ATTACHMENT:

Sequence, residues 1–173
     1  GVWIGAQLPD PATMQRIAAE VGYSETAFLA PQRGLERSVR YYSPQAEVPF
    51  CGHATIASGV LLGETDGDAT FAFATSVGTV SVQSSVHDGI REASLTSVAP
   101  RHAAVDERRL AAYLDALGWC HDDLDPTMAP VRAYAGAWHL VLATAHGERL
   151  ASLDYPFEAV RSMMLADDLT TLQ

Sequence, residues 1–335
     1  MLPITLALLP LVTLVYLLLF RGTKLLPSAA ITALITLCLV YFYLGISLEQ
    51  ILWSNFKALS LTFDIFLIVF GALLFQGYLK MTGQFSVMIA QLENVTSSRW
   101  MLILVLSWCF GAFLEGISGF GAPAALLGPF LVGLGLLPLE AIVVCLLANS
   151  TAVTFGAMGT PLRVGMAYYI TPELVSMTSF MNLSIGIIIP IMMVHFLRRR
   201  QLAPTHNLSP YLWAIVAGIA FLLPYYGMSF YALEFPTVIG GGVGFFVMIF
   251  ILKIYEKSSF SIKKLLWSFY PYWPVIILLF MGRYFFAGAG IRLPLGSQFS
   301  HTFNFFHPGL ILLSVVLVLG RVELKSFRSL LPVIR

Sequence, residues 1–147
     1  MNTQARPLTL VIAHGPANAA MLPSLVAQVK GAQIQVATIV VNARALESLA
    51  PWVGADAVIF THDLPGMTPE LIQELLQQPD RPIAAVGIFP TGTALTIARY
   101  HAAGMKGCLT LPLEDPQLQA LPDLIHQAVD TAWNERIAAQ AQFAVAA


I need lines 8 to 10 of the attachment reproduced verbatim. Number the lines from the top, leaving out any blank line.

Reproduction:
    51  ILWSNFKALS LTFDIFLIVF GALLFQGYLK MTGQFSVMIA QLENVTSSRW
   101  MLILVLSWCF GAFLEGISGF GAPAALLGPF LVGLGLLPLE AIVVCLLANS
   151  TAVTFGAMGT PLRVGMAYYI TPELVSMTSF MNLSIGIIIP IMMVHFLRRR